Massage & Bodywork

MAY | JUNE 2015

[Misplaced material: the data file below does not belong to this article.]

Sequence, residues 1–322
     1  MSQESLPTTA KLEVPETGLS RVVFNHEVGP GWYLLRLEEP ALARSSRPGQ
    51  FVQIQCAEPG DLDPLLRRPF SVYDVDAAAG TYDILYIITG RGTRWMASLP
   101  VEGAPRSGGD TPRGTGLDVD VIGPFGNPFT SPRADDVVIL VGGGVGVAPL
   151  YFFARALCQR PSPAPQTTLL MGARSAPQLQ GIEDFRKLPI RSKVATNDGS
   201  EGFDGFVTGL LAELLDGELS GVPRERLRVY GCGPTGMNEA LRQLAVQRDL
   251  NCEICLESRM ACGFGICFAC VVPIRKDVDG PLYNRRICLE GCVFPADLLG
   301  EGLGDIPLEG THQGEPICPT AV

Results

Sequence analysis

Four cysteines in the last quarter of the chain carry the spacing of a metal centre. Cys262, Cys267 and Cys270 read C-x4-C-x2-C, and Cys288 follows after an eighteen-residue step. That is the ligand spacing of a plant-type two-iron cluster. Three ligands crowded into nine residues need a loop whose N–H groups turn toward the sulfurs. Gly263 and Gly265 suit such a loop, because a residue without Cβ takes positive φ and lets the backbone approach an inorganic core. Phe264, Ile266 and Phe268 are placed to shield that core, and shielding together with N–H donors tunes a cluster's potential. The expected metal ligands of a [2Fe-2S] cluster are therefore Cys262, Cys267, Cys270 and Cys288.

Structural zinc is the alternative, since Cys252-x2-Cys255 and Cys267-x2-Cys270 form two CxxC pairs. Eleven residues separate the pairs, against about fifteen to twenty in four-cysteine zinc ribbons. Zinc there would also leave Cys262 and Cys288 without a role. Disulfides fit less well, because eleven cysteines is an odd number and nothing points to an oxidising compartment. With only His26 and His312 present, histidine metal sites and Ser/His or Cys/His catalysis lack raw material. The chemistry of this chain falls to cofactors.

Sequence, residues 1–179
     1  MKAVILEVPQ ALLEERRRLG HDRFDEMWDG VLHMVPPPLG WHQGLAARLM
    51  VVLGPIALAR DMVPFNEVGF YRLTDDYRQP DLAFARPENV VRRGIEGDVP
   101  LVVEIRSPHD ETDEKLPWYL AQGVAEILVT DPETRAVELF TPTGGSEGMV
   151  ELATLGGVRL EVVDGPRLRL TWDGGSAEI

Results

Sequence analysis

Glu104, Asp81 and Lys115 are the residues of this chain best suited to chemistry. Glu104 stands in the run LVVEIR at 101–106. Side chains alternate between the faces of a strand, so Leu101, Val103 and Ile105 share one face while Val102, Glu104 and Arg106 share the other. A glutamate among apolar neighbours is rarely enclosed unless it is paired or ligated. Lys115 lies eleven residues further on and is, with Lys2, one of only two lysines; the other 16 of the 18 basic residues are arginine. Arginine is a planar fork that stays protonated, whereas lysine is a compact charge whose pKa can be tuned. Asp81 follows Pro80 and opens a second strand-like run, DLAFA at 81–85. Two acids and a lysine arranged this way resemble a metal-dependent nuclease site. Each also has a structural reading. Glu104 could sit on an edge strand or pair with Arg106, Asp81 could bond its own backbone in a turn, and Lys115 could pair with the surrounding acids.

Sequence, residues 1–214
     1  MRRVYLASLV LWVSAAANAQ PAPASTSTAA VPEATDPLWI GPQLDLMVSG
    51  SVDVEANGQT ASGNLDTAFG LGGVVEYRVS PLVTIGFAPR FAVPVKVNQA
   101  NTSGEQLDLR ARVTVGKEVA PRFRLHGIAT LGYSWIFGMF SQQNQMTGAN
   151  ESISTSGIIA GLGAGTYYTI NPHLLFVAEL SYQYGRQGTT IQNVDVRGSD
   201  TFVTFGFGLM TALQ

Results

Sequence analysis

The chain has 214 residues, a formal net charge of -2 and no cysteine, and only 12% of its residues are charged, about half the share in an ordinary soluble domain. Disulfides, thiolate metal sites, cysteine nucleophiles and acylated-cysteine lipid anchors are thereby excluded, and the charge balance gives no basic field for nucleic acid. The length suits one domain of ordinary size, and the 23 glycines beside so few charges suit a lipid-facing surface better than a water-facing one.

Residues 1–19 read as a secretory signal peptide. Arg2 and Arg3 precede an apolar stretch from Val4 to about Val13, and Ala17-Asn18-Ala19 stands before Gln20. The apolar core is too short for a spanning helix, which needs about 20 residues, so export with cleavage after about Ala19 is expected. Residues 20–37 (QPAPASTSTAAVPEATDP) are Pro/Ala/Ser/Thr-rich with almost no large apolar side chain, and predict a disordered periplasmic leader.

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chronic tissue features are altered via exercise and/or therapeutic interventions. Thomas Myers has expressed this progressive adaptive phenomenon as involving a process in which chronic tissue loading leads to "global soft-tissue holding patterns," where clear postural and functional imbalance and distress are both visible, as well as being palpable. 4 A shorthand summary of such processes may describe them as being the result of: • Overuse—e.g., repetitive actions. • Misuse—e.g., postural or ergonomic insults. • Disuse—e.g., lack of exercise. • Abuse—e.g., trauma. • Any combination of these. Whatever the single or multiple contributing features may be, the end result is of structural and functional modifi cations that prevent normal activity, result in discomfort or pain, and which, themselves, make further adaptive demands as the individual attempts to compensate for restrictions and altered use patterns. ASSESSMENT OBJECTIVES When evaluating possible interventions, whether therapeutic or exercise related, it is important to ascertain which tissues, structures, patterns, and mechanisms may be involved. For example, is there any evidence of soft- tissue change involving hypertonicity or fi brosis? Is there joint or neurological involvement? Are the tissues infl amed? In other words: why is this happening? What causative or maintaining features are identifi able? What actions might usefully be taken to modify, improve, and correct the situation? As a starting point, in order to encourage rehabilitation, areas of restriction need to be identifi ed and assessed so that they can be encouraged toward normality. The question of how best to identify such pathophysiological changes is, therefore, one of the key challenges that face practitioners, before manual and/or movement Therapeutic Options When the sliding/gliding motion potential of fascia is reduced, is painful, or has been lost, restoration of normal function requires attention to the causative, as well as the maintaining, factors associated with the dysfunctional fascial layers. The intent of using such fi ndings is to decide on the best ways of encouraging more normal function. There are, of course, multiple strategies that aim to improve, correct, or rehabilitate such dysfunction, but their underlying ambitions can briefl y be summarized as follows: • To reduce adaptive load—e.g., to modify overuse, or misuse, or other features that are contributing to the problem. • To enhance functionality—e.g., to improve posture, breathing function, nutrition, sleep, and exercise patterns, as well as the local mobility and stability of tissues. • To focus on symptom reduction—this might be a poor, potentially short-term choice unless and until adaptive demands are reduced and/or function is improved. therapies or modalities can be safely applied. Fortunately, a range of palpation and assessment tools is available to help achieve the identifi cation and localization of dysfunction, as will be described later in this article. GATHERING EVIDENCE Clinical decision-making needs to be based on a combination of the unique history and characteristics of the individual, combined with objective and subjective information gathered from assessment, observation, palpation, and examination. The fi ndings of such information-gathering endeavors need to be correlated with whatever evidence exists, research studies, experience, etc., that offer guidance regarding different therapeutic choices. The objectives of palpation and assessment are, therefore, the gathering of evidence regarding function and dysfunction so that informed clinical decisions can be made, rather than being based on guesswork. What's too tight? What's too loose? What functions are impaired? Which kinetic and structural chains are involved? What are the causes? What can be done to remedy or improve the situation? There are many functional assessment methods and protocols, as well as a variety of palpation methods that can assist in this search for information and answers. Some of these have been tested for reliability; others are used extensively without any clear evidence that they are reliable. This leads to a key recommendation: no single piece of "evidence" gained from observation, or from the results of functional tests and assessment, or from palpation, should be used alone as evidence to guide clinical choices. It is far safer to rely on combinations of evidence that support each other and that point toward rehabilitation and/or treatment options. F r e e S O A P n o t e s w i t h M a s s a g e B o o k f o r A B M P m e m b e r s : a b m p . u s / M a s s a g e b o o k 65

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